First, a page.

Nayar said he had a ‘last’ family gathering in Udaipur during a marriage on March 3 – the date that I had been fixed months ahead to bring the wives of the innocents to Delhi secretly.
Nayar had to be in Udaipur for a week along with his wife Bharti who was also in 90s. Since flight tickets had been already booked, he called his wife and told her that they had to come back early to attend ‘this big program’. She objected. But he told me when she left: “Don’t worry. I will try to reschedule the travel.”
“My dear boy, you have created family problem and tension,” Nayar replied when I contacted him to confirm his participation a couple of weeks later. However, he ended saying that he had cut short the Udaipur visit to be at the Mach 3 program in solidarity with the innocents languishing in jail.
Nayar came readily for the launch with a walking stick and an aide holding his hand. When the illiterate wives of the seven in jail were narrating their woeful tales, I was sitting next to him in the audience.
“What is wrong with this country?” he asked me before he launched the online signature campaign with wavering fingers.
Since the book was not ready, the release was postponed for May 5 and he readily agreed to be there. Nayar wrote a powerful ‘Foreword’ to the book. Couple of days before the May 5 book launch again at the Constitution Club, I wanted to visit him and confirm his participation.
“Don’t waste time. I will be there,” Nayar assured me like a dad. No wonder the nation calls him ‘an institution in himself’.
When I called him on the morning of the release, he said he was feeling ‘very sickly’ and may not come. But I pleaded: “Sir, without your presence, the media would ignore it.” I was thrilled when he confirmed an hour before that he was on the way from his Vasant Vihar house.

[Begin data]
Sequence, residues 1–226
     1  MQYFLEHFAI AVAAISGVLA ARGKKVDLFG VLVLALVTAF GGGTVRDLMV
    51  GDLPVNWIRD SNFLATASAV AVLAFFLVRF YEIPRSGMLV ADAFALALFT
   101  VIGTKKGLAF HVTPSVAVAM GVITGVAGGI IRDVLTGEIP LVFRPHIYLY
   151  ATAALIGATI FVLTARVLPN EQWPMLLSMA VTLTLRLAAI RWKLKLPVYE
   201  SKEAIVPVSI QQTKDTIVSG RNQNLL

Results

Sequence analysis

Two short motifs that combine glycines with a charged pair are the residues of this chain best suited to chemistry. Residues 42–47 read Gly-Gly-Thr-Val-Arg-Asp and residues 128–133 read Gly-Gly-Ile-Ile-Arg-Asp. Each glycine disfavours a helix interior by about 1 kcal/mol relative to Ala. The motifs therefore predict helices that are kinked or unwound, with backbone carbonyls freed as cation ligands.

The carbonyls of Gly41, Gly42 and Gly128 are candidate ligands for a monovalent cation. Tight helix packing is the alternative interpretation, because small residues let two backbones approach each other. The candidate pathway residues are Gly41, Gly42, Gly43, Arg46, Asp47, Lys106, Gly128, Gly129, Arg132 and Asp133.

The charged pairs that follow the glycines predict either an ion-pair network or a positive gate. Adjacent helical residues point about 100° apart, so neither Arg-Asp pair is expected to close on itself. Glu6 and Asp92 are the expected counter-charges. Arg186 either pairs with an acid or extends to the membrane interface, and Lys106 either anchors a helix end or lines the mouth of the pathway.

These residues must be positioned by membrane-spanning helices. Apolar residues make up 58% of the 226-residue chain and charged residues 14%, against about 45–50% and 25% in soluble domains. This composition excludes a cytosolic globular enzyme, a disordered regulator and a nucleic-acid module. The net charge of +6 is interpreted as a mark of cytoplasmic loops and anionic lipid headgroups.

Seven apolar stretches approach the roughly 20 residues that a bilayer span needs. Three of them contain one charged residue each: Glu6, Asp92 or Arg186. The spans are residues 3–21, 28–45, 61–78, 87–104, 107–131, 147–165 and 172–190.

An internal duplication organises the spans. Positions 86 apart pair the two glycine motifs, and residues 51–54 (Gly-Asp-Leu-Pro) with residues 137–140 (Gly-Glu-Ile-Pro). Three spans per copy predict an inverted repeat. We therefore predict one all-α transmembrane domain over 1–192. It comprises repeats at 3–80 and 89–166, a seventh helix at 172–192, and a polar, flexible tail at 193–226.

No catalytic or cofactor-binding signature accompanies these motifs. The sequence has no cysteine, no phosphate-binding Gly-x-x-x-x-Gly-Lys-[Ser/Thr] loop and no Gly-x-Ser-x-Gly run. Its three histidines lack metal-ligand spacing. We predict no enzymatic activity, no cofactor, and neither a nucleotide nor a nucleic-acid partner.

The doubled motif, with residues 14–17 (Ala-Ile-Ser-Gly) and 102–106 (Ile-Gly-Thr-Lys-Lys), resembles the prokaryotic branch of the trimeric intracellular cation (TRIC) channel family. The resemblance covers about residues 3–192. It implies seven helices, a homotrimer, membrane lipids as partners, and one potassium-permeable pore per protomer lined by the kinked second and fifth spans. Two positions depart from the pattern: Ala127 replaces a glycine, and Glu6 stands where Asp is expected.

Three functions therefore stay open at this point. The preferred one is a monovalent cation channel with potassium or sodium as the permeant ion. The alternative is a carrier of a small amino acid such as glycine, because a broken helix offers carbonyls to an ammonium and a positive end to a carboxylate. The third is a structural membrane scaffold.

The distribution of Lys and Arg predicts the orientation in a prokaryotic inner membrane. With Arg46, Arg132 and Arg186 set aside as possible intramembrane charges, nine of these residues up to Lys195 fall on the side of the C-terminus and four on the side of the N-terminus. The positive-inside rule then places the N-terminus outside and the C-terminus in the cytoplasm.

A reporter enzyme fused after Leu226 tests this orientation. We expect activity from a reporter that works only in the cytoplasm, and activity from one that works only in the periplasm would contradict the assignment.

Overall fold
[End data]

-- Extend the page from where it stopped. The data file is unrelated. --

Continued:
At the same time, a popular activist who had agreed to come sent an email with apologies. Later he confided to me that he guessed that I had gone ‘too far’ with the title: ‘Who Killed Swami Laxmanananda?’
Nayar was elated as he released the book along with the ‘first batch of killers’ of the Swami, whose names had been proclaimed by VHP leader Praveen Togadia, and not Odisha police. (Police asked them to leave 40 days later, after making them sign a declaration that they had taken “shelter in police station due to fear. It was after this that the police arrested the ‘second’ batch of killers’ who are now languishing in jail.)
“I cannot understand why they are still in jail,” Nayar expressed his anguish over the contagion that has gripped the judicial system when I went to invite him for the release the revised edition of the same book on December 28, 2017 (almost two years later). That remark came after I told him about the Odisha High Court keeping the appeal of the seven innocents in cold storage.
Nayar came for the release at the age of 95 walking with great difficulty in biting cold with an aide holding his hand. I too held his hand as he stepped out from the car.
“Some forces are disfiguring the country by enforcing majoritarianism, leading to the slipping of the idea of India. This is the time to fight back and preserve the liberated India as we did with the British.” These words echoed the anguish of Nayar over the growing threats to pluralism in liberated India and Kandhamal cover-up.
“The entire episode of Kandhamal requires another look even though it is late. The gravity of such incidents should be never diminished or hidden…. The idea of India for which thousands of people have sacrificed their lives is endangered once again.”
These words of caution in his Foreword spelt out why the patriarch of journalism decided to stand behind an rooky journalist like a godfather in the quest for truth and justice for Kandhamal.